- How does VBA fit into this picture?
- VBA and VB6 are very much the same language, with only very minor
differences (mainly in extensions) between them. Combined VB6/VBA solutions
powerful synergy, as code modules are quite often freely exchangeable
between the two environments, and VB6 can be used to author easily
accessible-from-VBA libraries when source code protection or raw execution
speed are priorities.
- VBA is still fully supported by Microsoft, both within its Office suite, and
for the many hundreds
of licensees that include it in their own products. But, no development
has occurred on the VBA IDE in over eight years; the team has been abandoned.
New versions of Office continue, at this point, to ship with this very old
technology. No decisions on replacement of VBA have been forthcoming from
Microsoft, and only the vaguest of assurances have been offered as to how long
it will be the preferred Office automation solution.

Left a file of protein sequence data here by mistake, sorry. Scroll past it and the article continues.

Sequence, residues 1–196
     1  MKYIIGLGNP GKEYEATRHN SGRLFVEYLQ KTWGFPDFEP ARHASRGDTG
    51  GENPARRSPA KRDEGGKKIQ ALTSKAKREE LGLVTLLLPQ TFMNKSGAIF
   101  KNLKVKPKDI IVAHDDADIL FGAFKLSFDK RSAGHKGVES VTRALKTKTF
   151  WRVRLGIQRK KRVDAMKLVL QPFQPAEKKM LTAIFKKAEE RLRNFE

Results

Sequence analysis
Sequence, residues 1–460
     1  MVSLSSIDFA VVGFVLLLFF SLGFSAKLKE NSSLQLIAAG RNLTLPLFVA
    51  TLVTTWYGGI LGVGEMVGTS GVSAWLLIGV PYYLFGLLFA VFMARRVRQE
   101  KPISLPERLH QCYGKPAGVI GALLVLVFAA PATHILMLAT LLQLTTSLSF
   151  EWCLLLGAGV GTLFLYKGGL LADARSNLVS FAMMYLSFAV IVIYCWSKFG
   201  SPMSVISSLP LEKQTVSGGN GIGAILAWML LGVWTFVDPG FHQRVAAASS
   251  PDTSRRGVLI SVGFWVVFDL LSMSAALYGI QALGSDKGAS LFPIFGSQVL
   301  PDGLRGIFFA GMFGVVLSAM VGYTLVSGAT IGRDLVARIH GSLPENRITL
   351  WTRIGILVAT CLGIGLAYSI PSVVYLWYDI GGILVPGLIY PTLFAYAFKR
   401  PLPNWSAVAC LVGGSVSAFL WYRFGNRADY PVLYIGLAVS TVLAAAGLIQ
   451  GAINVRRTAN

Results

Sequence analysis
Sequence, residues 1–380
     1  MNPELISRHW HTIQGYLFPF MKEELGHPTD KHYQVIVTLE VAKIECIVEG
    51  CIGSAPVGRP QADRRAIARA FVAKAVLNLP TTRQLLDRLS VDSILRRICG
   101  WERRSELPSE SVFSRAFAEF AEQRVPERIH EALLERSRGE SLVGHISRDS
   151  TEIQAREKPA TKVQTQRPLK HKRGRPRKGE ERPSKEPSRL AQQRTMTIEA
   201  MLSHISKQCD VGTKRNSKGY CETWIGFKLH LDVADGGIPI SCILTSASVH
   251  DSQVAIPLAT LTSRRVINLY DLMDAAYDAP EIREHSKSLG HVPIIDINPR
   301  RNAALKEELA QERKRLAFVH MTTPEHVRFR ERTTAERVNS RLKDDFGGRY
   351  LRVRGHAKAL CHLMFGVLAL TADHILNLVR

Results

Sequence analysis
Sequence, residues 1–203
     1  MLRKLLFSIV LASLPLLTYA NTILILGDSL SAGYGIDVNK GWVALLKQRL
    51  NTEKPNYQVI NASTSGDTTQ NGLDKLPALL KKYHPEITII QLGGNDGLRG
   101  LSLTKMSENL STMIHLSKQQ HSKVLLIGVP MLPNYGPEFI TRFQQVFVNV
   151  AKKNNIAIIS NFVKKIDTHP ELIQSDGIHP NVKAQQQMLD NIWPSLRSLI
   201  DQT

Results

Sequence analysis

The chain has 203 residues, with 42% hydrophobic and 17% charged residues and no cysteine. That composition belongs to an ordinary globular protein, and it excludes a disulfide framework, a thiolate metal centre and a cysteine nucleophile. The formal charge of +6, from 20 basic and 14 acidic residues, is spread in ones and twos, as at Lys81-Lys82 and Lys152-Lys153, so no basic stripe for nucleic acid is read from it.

- If VBA follows the same course as VB6, many large corporations will be
forced to choose whether to continue upgrading their Office installations, or
stick with the coded solutions that have made them the success they currently
are. This is a
problem for Microsoft, and one they must address meaningfully.
- What good would supporting Classic VB in the Visual Studio IDE do?
- Adding support for Classic VB to the Visual Studio.NET integrated
development environment would greatly benefit both Microsoft and its long-term
customers. Microsoft would gain immediately by the simple gesture of reaching
out to the millions of disaffected customers, and ultimately by offering the
mechanism by which Classic VB customers may begin experimenting with VB.NET in
an environment they'd quickly become familiar with as their new source editor.
Rapid, widespread adoption of the .NET platform would have virtually been
assured had Classic VB source bases been immediately usable. Bringing VB.COM
to the current VS IDE could tip the balance away from the marginal
adoption seen today. Developers would
gain, obviously, by having their code assets once again fall under the support
auspices of Microsoft. They would also have the opportunity to extend their
applications more easily through interoperation with the new managed languages.
- Why do you want my email address?
- After signing the petition, an email is immediately sent to the address you provide.
Your signature will not appear on the petition if you do not click the link